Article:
Department of Global Health and Development
Faculty of Public Health and Policy


Centre for Global Chronic Conditions
Antimicrobial Resistance Centre


Justin is a module organiser and seminar leader for the MSc module Medical Anthropology and Public Health. He also teaches within the Evidence Based Public Health and Policy and Practice module for LSHTM’s DrPH programme, the THRU ZIM Social Science Working Group at THRU ZIM, and the University of Zimbabwe's MSc Public Health.


Justin's research has primarily been conducted in sub-Saharan Africa, including South Africa, where his PhD research and postgraduate projects were undertaken, and in Zimbabwe, where his more recent research has been situated. Between 2011 and 2017, Justin worked with a research institute called the South African Tuberculosis Vaccines Initiative (SATVI), which runs TB vaccine trials in the Western Cape. Justin’s PhD thesis explored the effects of these trials on health seeking and delivery, care relations (especially between nurses and patients) and people's attempts to live healthy, moral, and respectable lives in a context of profound social and economic marginalisation.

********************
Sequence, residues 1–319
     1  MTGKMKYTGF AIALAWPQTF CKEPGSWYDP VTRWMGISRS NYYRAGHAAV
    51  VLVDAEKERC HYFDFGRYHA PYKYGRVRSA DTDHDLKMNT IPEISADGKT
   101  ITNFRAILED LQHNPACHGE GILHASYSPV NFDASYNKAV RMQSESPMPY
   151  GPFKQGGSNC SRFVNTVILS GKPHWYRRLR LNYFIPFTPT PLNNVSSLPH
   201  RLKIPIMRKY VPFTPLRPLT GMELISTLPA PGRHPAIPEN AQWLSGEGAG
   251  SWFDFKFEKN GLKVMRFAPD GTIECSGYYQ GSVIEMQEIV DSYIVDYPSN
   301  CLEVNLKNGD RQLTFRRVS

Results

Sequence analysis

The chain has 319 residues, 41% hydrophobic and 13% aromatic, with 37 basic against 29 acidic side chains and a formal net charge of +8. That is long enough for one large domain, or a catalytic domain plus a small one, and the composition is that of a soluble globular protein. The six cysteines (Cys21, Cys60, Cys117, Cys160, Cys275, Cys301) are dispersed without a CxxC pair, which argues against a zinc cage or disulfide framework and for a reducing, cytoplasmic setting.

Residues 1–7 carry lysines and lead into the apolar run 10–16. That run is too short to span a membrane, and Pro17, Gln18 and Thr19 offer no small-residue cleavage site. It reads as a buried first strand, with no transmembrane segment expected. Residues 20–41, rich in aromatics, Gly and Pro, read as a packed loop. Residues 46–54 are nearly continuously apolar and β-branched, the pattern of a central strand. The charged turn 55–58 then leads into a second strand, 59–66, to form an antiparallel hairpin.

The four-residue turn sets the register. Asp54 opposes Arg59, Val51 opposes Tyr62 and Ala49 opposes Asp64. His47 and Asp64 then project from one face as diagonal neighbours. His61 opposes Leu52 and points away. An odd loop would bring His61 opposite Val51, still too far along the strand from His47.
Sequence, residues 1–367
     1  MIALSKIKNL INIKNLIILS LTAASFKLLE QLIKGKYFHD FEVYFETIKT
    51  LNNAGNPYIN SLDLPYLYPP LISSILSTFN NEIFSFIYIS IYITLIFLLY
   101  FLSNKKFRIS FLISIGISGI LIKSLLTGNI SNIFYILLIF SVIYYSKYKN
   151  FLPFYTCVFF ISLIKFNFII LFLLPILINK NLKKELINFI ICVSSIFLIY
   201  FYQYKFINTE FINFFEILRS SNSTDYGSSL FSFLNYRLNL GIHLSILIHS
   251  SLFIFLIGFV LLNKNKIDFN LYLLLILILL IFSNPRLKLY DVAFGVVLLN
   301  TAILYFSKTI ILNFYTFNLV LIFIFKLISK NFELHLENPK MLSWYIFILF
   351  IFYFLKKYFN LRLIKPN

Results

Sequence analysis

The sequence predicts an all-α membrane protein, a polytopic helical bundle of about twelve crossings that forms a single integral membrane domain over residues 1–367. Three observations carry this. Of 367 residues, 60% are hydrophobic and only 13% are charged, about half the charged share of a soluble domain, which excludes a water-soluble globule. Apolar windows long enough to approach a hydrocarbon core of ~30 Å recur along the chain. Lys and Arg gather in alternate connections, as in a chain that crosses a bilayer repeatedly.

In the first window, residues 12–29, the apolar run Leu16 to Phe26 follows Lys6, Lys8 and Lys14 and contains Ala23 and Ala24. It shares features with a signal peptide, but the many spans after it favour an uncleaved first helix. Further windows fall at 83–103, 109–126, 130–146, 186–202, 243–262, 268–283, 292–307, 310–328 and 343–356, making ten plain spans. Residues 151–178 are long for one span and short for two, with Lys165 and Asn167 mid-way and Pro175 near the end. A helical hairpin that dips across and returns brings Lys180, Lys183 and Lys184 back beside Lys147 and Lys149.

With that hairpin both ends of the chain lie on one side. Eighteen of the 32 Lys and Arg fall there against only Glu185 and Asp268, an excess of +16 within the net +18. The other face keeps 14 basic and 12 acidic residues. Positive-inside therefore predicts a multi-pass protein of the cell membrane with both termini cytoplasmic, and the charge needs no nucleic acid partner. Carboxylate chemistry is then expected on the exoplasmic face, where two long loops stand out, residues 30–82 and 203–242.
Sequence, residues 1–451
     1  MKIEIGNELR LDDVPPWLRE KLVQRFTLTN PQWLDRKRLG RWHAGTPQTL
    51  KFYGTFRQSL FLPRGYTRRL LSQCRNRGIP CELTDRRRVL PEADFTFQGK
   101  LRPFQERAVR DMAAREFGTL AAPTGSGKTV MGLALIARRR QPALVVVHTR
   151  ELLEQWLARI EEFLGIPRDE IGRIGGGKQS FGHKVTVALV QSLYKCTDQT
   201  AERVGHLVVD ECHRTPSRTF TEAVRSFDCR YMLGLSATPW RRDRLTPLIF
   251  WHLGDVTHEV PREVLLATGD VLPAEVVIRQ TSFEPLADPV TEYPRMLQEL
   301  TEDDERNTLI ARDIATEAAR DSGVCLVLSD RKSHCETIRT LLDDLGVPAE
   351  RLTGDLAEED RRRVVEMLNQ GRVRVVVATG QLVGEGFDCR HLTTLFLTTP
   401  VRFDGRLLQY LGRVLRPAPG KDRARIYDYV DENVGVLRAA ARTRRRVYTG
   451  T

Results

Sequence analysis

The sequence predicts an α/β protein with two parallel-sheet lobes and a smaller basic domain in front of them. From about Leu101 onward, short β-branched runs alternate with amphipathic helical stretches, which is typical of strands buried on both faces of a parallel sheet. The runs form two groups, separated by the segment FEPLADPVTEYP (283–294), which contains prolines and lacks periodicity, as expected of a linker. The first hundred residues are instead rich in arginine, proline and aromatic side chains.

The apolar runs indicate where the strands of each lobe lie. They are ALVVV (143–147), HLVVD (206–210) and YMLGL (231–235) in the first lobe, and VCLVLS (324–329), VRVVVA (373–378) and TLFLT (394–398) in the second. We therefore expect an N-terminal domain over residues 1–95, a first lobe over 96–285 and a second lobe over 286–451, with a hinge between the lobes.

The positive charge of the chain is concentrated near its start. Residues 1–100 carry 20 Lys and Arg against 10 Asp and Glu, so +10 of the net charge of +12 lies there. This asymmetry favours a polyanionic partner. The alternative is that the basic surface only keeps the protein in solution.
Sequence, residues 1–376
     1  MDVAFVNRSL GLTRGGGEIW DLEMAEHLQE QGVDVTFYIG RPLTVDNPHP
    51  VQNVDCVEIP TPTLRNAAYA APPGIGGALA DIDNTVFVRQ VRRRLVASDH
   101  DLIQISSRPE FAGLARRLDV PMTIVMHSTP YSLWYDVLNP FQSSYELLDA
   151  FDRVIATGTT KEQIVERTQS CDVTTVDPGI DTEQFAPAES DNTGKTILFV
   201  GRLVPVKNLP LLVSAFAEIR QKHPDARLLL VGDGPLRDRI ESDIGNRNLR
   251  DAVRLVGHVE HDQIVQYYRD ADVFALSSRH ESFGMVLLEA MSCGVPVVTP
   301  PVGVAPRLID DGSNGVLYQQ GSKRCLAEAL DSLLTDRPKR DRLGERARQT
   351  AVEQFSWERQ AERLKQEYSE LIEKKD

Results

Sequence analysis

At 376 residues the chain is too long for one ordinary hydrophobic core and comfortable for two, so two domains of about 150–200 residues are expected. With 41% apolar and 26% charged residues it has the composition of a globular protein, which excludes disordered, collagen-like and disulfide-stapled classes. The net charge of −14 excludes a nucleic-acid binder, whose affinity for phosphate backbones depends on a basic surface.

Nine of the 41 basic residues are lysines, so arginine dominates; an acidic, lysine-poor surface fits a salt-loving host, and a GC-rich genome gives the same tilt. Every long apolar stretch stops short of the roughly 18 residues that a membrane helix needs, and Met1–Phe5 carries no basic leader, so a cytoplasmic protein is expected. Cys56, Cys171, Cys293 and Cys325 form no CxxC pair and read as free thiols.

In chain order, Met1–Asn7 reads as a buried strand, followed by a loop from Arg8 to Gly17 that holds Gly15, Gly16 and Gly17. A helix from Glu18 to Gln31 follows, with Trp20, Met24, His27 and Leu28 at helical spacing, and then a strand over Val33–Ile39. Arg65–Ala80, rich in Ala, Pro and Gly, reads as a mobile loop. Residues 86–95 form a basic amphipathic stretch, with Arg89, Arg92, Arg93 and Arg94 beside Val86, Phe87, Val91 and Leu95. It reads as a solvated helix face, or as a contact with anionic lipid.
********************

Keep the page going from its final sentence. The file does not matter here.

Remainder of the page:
Since joining LSHTM in 2017, Justin’s research has been primarily in the fields of antimicrobial resistance and multimorbidity. As part of the AMR Centre and the Anthropology of AMR Research Group, Justin has been involved in a range of research, public engagement, and capacity building projects, most notably as social science coordinator of the FCDO-funded FIEBRE study in Africa and Asia, and as co-investigator on a Wellcome Trust study examining the effects of mass typhoid vaccination on antimicrobial prescribing in Harare.